Last year was a Tale of Two Tuchs for the Vegas Golden Knights. The regular season Tuch battled injuries, inconsistent linemates and a lack of production. The playoff Tuch led the team in a few different offensive categories and was one of the better players in the return to play. Which story plays out this season for the VGK?
The Vegas Golden Knights made another deep playoff run this season, bowing in the Western Conference Final to the Dallas Stars. Although there was inconsistency up and down the lineup, Tuch was among those who stepped up. He scored eight goals, three of them game winners. Both of those numbers were good enough to lead the Golden Knights in the playoffs. His 12 points doubled his career playoff output. Not bad for a guy who is just 24 and also had a stellar 20-goal, 52-point season in 2018-19.
But then, there was the 2019-20 regular season. Coming off those career best numbers Tuch struggled. Big time. Outside of a nice four-game point streak at the start of December with four goals and seven points, the Syracuse, NY native was absent from the score sheet more often than not. In fact, after scoring a goal in the last game of that streak on December 5, Tuch would only score three more times in the next 28 games. Then Tuch got hurt, and a short time later everything went on pause.
Tuch’s first two seasons with the Golden Knights showed promise and improvement. There was nothing out of the ordinary with the advanced stats. It merely looked like a very good prospect developing into a very good NHL player. Expectations were high for last season for last season but not unwarranted. If Tuch took that next step forward, perhaps he’d blossom into a 30-goal scorer (or better).
It’s possible to say that the pressure of his new contract kicking in weighed on him. Or that teams were paying more attention to him than before after scoring 20 goals. But I truly believe there was one major and one abetting factor holding him back.
The abetting factor would be the injury issues he had last season. Tuch only appeared in 42 games, picking up a “lower body injury” (I hate these terms) on February 13 that ended his season. For those who missed it, it was a cringeworthy crash into the boards late in the third period of that game. Oddly enough he tanlged with current teammate and then-Blues defenseman Alex Pietrangelo in the collision. Tuch tried to come back a short time later but suffered a setback. Then the league went on pause giving him time to heal for the return to play.
I don’t have any major concerns on Tuch’s health moving forward, which is a very good thing. I’m sure VGK fans are breathing easier after his playoff performance as well. In fact, the pause took the pressure off many athletes feel to return and help the team. Instead, Tuch was able to focus on getting healthy this time. He’s still young and no doubt felt some pressure to justify that new contract by trying to play at less than 100 percent.
But injuries are only part of the equation.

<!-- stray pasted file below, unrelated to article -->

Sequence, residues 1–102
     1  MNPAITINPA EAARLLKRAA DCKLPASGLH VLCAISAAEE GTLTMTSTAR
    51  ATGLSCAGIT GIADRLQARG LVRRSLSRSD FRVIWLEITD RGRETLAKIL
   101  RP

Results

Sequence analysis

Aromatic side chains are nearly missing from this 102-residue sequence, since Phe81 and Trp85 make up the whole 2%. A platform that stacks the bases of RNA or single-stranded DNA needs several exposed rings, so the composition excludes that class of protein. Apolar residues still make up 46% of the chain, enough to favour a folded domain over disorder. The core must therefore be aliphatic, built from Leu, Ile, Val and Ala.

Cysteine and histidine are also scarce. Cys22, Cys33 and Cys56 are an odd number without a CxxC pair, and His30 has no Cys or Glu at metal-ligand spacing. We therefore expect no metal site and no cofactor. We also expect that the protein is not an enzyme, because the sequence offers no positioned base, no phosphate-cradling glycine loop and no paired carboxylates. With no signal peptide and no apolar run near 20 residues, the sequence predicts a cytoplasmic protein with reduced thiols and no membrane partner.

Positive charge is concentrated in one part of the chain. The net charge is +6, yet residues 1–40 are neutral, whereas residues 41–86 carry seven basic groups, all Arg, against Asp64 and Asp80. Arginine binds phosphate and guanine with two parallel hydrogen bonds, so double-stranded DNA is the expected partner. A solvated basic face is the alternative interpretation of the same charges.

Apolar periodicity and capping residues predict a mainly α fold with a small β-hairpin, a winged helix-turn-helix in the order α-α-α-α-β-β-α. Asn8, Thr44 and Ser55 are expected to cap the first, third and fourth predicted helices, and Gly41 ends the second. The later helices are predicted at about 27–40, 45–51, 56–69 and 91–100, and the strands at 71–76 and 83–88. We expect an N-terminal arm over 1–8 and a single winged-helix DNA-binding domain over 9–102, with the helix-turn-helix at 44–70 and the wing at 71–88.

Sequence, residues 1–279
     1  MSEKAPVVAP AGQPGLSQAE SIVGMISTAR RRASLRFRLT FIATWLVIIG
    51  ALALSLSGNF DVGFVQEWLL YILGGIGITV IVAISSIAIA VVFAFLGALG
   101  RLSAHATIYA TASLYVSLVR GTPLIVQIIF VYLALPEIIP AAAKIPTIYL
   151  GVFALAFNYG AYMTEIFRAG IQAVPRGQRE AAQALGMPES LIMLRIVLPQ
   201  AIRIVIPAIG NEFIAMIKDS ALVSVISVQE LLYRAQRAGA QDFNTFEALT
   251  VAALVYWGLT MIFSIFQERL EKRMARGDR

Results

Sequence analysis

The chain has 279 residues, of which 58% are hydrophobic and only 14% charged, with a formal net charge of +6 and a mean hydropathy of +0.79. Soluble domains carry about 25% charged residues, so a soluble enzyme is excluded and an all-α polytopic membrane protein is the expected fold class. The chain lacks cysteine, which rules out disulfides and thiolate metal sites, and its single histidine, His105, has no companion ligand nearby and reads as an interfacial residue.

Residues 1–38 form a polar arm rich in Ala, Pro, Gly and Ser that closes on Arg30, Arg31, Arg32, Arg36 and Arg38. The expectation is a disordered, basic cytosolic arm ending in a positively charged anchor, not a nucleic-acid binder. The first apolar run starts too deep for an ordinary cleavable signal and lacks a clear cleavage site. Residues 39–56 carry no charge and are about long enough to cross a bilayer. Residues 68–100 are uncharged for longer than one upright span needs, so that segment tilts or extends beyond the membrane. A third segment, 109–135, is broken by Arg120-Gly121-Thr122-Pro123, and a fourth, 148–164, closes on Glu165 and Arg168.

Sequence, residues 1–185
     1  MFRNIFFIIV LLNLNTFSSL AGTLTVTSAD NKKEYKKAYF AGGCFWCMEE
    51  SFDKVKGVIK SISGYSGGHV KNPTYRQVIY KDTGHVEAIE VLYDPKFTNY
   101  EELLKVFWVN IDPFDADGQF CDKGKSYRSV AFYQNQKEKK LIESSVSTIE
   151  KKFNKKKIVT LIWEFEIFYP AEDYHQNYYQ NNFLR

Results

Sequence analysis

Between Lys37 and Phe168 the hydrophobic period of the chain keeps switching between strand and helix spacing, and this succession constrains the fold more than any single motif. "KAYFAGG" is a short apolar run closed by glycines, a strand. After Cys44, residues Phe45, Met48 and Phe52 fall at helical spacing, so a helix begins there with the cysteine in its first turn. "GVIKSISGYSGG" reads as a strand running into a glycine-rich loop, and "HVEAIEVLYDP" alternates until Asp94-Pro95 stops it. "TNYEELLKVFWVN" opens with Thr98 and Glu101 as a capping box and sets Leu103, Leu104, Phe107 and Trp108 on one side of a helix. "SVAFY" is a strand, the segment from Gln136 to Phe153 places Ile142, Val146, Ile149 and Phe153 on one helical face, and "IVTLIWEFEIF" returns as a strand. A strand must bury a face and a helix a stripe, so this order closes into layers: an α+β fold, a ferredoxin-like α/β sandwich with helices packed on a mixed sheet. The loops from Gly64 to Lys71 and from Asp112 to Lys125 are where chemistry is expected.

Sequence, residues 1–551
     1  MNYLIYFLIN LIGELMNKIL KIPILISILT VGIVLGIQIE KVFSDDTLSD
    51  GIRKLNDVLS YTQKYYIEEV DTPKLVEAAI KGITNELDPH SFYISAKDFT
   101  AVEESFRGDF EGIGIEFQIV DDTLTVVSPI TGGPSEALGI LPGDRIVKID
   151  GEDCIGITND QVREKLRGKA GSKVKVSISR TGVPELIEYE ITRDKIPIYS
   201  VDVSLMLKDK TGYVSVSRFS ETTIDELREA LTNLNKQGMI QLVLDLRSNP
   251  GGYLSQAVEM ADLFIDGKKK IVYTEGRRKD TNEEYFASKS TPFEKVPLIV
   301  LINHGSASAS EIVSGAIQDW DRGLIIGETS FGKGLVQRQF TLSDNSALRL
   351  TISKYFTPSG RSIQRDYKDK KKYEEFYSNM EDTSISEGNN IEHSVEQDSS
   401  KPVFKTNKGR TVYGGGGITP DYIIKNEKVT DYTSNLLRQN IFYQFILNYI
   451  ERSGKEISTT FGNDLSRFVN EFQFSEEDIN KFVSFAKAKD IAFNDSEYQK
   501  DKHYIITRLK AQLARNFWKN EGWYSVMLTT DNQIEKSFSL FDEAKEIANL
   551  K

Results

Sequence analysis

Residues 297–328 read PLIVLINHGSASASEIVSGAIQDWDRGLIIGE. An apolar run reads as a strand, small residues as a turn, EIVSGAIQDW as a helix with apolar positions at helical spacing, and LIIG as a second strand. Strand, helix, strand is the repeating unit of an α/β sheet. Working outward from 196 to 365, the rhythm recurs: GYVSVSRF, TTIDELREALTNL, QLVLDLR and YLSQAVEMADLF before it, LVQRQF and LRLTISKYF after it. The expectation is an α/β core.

The major factor is Tuch’s ever-changing supporting cast of linemates. Before the Mark Stone trade, he looked at home in the top six forward group and as mentioned was putting up good numbers. After being knocked down to the third unit through no fault of his own, Tuch struggled to find the consistency that made him such a threat. It’s understandable that occasionally injuries and streaks of play displace linemates. But this is a different situation.
Even head coach Peter DeBoer recognized that fact, saying before the return to play that he felt Tuch not being in the top six hurt his production. Injuries up and down the lineup didn’t help with the consistency for linemates. DeBoer also noted that he didn’t feel Tuch’s game had changed much, but some of the difference was situational.
One thing that will go a long way towards settling down the lines is figuring out the centers. Whether Cody Glass or Chandler Stephenson wins that second line spot where Paul Stastny used to skate, establishing chemistry in a shortened season is paramount. Getting Tuch comfortable with a center who can help create time and space for him is important.
If Stephenson does end up on the third line, reuniting with Nicholas Roy reforms a line that saw success and chemistry in a small sample size last year. DeBoer seemed to like that line coming out of summer camp before the bubble. As if on cue, Stephenson had to step up between Max Pacioretty and Mark Stone early in the return when injuries hit.
Truth be told, Stephenson didn’t look out of place, and that’s exciting news if his level of play continues on the second or third line. It also makes sense to put him on a third line to see what Glass has to offer. Plus if the third line has to take some defensive matchup weight they could, although DeBoer noted Tuch is a “mismatch guy” for the VGK. Simply put, DeBoer feels if he can get Tuch on the ice against weaker opposition he should be primed to produce for the Golden Knights.
With the depth of skill up front for Vegas, I truly believe the only factors holding back Alex Tuch this season are comfort and line familiarity. If he can establish himself and his linemates early in camp, there’s no reason to believe the Alex Tuch that earned a seven-year, $4.75M per year deal won’t look like a massive bargain in the long run.